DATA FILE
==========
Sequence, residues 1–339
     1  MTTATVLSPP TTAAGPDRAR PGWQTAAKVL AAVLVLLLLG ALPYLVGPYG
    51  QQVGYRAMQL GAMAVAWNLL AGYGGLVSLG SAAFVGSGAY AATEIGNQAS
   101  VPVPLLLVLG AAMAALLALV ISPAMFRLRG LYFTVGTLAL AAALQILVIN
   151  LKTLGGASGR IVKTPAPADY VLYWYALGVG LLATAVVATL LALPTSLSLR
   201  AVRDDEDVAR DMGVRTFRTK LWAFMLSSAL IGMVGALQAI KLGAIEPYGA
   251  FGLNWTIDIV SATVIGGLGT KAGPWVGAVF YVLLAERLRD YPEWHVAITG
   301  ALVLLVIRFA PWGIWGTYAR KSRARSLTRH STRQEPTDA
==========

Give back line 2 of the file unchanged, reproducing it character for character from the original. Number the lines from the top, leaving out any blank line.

     1  MTTATVLSPP TTAAGPDRAR PGWQTAAKVL AAVLVLLLLG ALPYLVGPYG